LifeLink Devotions

Monday, May 30, 2022


Exodus 3:7-10  “The LORD said, “I have indeed seen the misery of my people in Egypt. I have heard them crying out because of their slave drivers, and I am concerned about their suffering. So I have come down to rescue them from the hand of the Egyptians and to bring them up out of that land into a good and spacious land, a land flowing with milk and honey. And now the cry of the Israelites has reached me, and I have seen the way the Egyptians are oppressing them. So now, go. I am sending you to Pharaoh to bring my people the Israelites out of Egypt.”

In the Bible, Moses made a difference because he was willing to rescue people from injustice. As a young official in Egypt, he stepped in and rescued one of his countrymen who was being beaten, and he killed the tormentor. Moses was a man who saw injustice and took steps to rescue those caught in its bondage. God knew Moses was the man to accomplish a dangerous rescue mission. So he sent him back to Egypt to bring His people out of slavery and direct them to the Promised Land.

Years ago, the coastal communities of England established rescue stations where men prepared to assist ships that had crashed on the rocks. During one particularly terrible storm that swept the Atlantic and hurled huge waves upon the coast a ship was thrown on the rocks. It was a dark night, and the storm intensified as the night deepened. Fires were kindled all along the shore to help those in need. The lifeboat was manned. Out through the breakers and into the storm they went to the rescue. When they returned, a man named John Holden, who stood upon the shore, cried out, “Do you have all the ship’s company?”

The rescuers answered, “All but one man.”  

“Why did you not get him?”

“Well, our strength was nearly gone, and we knew if we stayed any longer, we would have all been lost to the sea.”

Then John Holden said: “These men who have been to the rescue are nearly exhausted. Who here will go with me to rescue the one man?” Six sturdy fellows promptly came forward. Then John Holden’s mother threw her arms around his neck and said, “John, don’t you go! Your father was swallowed up by the angry ocean, and your brother William went to sea two years ago and I fear that he is lost, too. You are the pillar of my life and my only dependence. Who will care for me if the sea swallows you also?”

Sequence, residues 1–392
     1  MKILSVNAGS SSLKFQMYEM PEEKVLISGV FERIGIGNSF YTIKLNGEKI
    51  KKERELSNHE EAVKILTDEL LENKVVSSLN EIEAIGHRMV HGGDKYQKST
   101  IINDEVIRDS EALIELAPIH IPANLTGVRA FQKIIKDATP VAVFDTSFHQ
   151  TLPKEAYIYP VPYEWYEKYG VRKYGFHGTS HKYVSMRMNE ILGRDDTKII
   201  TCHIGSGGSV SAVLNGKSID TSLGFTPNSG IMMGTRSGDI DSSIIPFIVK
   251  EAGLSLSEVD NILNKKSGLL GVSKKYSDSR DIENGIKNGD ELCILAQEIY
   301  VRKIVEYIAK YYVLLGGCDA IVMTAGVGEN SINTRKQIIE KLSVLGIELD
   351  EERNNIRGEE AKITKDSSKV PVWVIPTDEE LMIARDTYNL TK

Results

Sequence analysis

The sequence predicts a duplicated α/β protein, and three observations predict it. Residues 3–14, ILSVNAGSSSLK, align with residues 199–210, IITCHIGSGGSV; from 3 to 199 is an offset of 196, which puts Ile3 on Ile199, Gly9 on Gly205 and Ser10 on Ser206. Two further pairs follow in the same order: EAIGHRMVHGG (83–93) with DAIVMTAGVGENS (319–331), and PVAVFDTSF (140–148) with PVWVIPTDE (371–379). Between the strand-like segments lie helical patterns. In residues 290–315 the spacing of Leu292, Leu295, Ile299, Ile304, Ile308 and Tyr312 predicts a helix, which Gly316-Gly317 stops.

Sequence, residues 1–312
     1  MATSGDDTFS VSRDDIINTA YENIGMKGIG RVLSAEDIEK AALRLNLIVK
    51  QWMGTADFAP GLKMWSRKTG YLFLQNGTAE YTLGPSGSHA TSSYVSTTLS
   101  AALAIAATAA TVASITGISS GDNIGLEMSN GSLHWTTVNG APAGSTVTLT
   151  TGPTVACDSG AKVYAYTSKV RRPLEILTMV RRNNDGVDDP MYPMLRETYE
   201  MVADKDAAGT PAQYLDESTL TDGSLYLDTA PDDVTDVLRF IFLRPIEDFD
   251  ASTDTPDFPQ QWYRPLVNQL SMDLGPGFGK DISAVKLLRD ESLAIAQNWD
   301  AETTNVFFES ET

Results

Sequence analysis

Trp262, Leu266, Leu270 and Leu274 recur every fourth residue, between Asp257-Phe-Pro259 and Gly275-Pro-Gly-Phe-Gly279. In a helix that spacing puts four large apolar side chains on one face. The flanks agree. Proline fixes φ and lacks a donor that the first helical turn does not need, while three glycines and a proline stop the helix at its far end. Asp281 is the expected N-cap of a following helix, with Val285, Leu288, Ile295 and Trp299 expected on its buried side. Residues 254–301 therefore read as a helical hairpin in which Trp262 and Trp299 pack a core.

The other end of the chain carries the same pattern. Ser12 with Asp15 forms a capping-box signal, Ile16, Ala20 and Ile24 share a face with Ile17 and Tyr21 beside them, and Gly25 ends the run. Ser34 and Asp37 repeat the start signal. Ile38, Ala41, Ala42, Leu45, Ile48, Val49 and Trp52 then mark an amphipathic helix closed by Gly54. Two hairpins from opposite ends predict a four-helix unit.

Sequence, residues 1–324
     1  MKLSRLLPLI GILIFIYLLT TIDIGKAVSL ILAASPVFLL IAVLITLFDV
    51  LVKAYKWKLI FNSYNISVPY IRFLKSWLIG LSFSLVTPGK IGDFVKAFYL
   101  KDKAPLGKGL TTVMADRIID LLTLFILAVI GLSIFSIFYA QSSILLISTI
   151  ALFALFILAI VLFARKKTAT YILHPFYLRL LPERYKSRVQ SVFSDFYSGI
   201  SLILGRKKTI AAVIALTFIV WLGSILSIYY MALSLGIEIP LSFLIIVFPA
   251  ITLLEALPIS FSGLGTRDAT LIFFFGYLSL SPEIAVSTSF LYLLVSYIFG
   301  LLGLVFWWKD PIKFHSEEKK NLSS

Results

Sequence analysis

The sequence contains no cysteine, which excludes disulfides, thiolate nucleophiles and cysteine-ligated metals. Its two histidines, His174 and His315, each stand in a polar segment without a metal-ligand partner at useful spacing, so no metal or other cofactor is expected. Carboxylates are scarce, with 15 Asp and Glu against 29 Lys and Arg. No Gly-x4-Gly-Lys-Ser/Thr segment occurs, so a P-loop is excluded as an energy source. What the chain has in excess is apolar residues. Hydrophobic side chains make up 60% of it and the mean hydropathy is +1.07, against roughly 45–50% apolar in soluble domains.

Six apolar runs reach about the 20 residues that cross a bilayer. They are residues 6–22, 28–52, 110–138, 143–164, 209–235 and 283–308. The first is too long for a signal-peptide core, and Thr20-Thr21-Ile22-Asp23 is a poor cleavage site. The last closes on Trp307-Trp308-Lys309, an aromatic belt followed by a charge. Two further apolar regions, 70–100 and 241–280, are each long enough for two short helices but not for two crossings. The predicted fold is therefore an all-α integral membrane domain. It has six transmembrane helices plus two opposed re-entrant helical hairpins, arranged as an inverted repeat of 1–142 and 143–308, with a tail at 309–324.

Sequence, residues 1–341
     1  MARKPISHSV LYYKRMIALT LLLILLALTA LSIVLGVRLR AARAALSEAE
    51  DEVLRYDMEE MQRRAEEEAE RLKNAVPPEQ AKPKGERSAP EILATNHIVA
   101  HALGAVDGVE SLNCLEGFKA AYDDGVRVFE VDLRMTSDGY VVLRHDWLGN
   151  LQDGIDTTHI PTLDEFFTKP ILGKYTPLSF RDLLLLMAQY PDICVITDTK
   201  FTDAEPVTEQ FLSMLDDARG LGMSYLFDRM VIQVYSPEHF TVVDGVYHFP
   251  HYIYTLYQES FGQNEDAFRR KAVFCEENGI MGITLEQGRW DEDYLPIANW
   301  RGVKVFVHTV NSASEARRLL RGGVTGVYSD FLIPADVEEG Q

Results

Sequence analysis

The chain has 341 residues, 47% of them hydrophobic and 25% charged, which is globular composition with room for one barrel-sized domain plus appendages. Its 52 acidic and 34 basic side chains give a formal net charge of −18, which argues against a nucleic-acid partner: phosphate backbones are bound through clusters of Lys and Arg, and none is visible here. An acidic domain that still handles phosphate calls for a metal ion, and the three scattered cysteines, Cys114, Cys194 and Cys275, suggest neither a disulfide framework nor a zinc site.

Then John Holden, with a firm, strong grasp, removed her arms from his neck and said to her, “There is a man drowning out there, and I must go. If the sea should swallow me, God will take care of you; I’m sure He will.” Kissing her cheek, he turned and stepped into the lifeboat.  They pushed out into the breakers and rowed to the wreck. They found the man still clinging to the rigging, and getting him into the boat, they pulled back to the shore. As the boat neared the shore, someone shouted, “Have you found the man?” “Yes,” answered John Holden, “we have him, and it is my brother William.”

The mission of God is the rescue of mankind. The human race has been hijacked and held hostage by the ultimate terrorist. God has already paid the ransom by sacrificing His own Son on the cross. But the terrorist has not informed the captives that they are free to go. They need to be rescued, and God has called us to man the boats. Only one thing is stopping us from accomplishing the rescue – we care more for ourselves then we do for the lives of those who are in distress. We are more like the mother than we are the brother who cared about another. And yet, when the needs of the other were considered first, the needs of everyone were met.

It is time for us to join the mission of God. Someone made a difference in each of our lives because they were on a rescue mission. Whose life will you attempt to rescue today?

Pastor John

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